bims-mikwok Biomed News
on Mitochondrial quality control
Issue of 2022‒02‒20
seven papers selected by
Avinash N. Mukkala
University of Toronto

  1. Bioessays. 2022 Feb 15. e2100271
      There is a debate regarding the function of Drp1, a GTPase involved in mitochondrial fission, during the elimination of mitochondria by autophagy. A number of experiments indicate that Drp1 is needed to eliminate mitochondria during mitophagy, either by reducing the mitochondrial size or by providing a noncanonical mitophagy function. Yet, other convincing experimental results support the conclusion that Drp1 is not necessary. Here, we review the possible functions for Drp1 in mitophagy and autophagy, depending on tissues, organisms and stresses, and discuss these apparent discrepancies. In this regard, it appears that the reduction of mitochondria size is often required for mitophagy but not always in a Drp1-dependent manner. Finally, we speculate on Drp1-independent mitochondrial fission mechanism that may take place during mitophagy and on noncanonical roles, which Drp1 may play such as modulating organelle contact sites dynamic during the autophagosome formation.
    Keywords:  Dnm1; Drp1; MERCs; autophagosome; fission; mitochondria; mitophagy
  2. Semin Cell Dev Biol. 2022 Feb 12. pii: S1084-9521(22)00050-7. [Epub ahead of print]
      The continuous dynamic reshaping of mitochondria by fusion and fission events is critical to keep mitochondrial quality and function under control in response to changes in energy and stress. Maintaining a functional, highly interconnected mitochondrial reticulum ensures rapid energy production and distribution. Moreover, mitochondrial networks act as dynamic signaling hub to adapt to the metabolic demands imposed by contraction, energy expenditure, and general metabolism. However, excessive mitochondrial fusion or fission results in the disruption of the skeletal muscle mitochondrial network integrity and activates a retrograde response from mitochondria to the nucleus, leading to muscle atrophy, weakness and influencing whole-body homeostasis. These actions are mediated via the secretion of mitochondrial-stress myokines such as FGF21 and GDF15. Here we will summarize recent discoveries in the role of mitochondrial fusion and fission in the control of muscle mass and in regulating physiological homeostasis and disease progression.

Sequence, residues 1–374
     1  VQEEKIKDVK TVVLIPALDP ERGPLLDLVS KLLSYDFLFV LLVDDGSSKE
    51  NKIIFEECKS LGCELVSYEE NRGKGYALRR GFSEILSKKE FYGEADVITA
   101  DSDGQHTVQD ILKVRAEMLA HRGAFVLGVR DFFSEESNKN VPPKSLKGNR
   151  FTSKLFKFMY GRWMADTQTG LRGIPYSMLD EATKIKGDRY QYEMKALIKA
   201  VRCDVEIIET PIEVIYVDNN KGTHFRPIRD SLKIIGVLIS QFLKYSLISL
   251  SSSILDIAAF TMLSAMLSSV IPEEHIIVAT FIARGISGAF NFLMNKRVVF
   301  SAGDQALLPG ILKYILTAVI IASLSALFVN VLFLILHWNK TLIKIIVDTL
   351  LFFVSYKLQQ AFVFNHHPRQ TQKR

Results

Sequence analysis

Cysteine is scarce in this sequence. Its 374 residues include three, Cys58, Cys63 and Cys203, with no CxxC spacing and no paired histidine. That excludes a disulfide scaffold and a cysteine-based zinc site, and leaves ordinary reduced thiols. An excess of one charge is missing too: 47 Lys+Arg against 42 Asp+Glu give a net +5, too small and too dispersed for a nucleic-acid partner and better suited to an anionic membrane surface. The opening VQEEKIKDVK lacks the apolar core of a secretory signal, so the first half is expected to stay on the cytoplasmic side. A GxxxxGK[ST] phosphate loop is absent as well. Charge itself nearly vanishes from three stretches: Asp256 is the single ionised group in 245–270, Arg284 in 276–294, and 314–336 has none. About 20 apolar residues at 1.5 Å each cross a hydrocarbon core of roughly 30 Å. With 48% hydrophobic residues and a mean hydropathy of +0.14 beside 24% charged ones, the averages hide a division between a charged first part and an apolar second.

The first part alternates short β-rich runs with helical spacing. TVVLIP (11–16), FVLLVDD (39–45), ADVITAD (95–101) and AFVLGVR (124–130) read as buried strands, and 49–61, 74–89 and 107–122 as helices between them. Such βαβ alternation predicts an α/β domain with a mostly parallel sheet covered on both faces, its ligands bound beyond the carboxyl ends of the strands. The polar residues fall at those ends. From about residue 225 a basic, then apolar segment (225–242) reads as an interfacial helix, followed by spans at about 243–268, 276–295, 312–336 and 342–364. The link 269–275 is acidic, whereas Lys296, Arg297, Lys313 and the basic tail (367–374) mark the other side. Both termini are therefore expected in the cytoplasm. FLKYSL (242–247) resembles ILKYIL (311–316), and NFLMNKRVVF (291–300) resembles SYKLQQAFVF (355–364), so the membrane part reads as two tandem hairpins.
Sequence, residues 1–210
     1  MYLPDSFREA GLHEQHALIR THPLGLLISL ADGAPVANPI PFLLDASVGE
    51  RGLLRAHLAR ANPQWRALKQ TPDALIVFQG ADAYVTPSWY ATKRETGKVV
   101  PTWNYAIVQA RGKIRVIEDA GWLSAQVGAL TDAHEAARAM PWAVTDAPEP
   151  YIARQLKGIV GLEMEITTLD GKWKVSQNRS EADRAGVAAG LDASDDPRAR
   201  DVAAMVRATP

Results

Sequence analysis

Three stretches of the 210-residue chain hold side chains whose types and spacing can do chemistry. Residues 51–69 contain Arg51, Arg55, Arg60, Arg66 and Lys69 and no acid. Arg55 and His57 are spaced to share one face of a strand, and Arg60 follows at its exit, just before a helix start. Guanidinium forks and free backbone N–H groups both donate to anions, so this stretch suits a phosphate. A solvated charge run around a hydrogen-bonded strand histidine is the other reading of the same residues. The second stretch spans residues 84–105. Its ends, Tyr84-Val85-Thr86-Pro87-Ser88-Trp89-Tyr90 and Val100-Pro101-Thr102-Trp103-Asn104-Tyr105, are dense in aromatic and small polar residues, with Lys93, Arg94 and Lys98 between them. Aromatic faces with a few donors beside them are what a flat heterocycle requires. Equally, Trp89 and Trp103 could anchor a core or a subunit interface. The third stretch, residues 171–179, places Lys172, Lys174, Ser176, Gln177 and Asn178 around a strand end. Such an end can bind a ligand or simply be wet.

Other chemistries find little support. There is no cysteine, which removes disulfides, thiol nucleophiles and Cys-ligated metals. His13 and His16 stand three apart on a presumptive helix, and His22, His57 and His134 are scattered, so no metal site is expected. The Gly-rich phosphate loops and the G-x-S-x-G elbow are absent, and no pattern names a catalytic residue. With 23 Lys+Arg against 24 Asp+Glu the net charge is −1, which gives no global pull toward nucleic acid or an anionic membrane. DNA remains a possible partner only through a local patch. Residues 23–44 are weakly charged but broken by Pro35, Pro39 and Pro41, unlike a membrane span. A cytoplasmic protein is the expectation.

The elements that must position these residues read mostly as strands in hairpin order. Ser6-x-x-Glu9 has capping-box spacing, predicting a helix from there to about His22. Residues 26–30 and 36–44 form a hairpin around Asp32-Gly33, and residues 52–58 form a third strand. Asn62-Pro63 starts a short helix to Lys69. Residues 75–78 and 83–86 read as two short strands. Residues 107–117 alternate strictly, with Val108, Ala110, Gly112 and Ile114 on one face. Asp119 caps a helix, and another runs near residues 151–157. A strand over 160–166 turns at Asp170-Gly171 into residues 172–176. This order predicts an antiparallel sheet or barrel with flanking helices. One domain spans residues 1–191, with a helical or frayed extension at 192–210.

Keywords:  Atrophy; DRP1; FGF21; Fission; Fusion; GDF15; Mitochondria; Myokines; OPA1; Skeletal muscle
  3. Nat Cell Biol. 2022 Feb;24(2): 181-193
      The accumulation of deleterious mitochondrial DNA (∆mtDNA) causes inherited mitochondrial diseases and ageing-associated decline in mitochondrial functions such as oxidative phosphorylation. Following mitochondrial perturbations, the bZIP protein ATFS-1 induces a transcriptional programme to restore mitochondrial function. Paradoxically, ATFS-1 is also required to maintain ∆mtDNAs in heteroplasmic worms. The mechanism by which ATFS-1 promotes ∆mtDNA accumulation relative to wild-type mtDNAs is unclear. Here we show that ATFS-1 accumulates in dysfunctional mitochondria. ATFS-1 is absent in healthy mitochondria owing to degradation by the mtDNA-bound protease LONP-1, which results in the nearly exclusive association between ATFS-1 and ∆mtDNAs in heteroplasmic worms. Moreover, we demonstrate that mitochondrial ATFS-1 promotes the binding of the mtDNA replicative polymerase (POLG) to ∆mtDNAs. Interestingly, inhibition of the mtDNA-bound protease LONP-1 increased ATFS-1 and POLG binding to wild-type mtDNAs. LONP-1 inhibition in Caenorhabditis elegans and human cybrid cells improved the heteroplasmy ratio and restored oxidative phosphorylation. Our findings suggest that ATFS-1 promotes mtDNA replication in dysfunctional mitochondria by promoting POLG-mtDNA binding, which is antagonized by LONP-1.
  4. Cells. 2022 Feb 02. pii: 514. [Epub ahead of print]11(3):
      Mitochondria-endoplasmic reticulum (ER) contact sites (MERCS) have been emerging as a multifaceted subcellular region of the cell which affects several physiological and pathological mechanisms. A thus far underexplored aspect of MERCS is their contribution to exocytosis. Here, we set out to understand the role of these contacts in exocytosis and find potential mechanisms linking these structures to vesicle release in human neuroblastoma SH-SY5Y cells. We show that increased mitochondria to ER juxtaposition through Mitofusin 2 (Mfn2) knock-down resulted in a substantial upregulation of the number of MERCS, confirming the role of Mfn2 as a negative regulator of these structures. Furthermore, we report that both vesicle numbers and vesicle protein levels were decreased, while a considerable upregulation in exocytotic events upon cellular depolarization was detected. Interestingly, in Mfn2 knock-down cells, the inhibition of the inositol 1,4,5-trisphosphate receptor (IP3R) and the mitochondrial calcium (Ca2+) uniporter (MCU) restored vesicle protein content and attenuated exocytosis. We thus suggest that MERCS could be targeted to prevent increased exocytosis in conditions in which ER to mitochondria proximity is upregulated.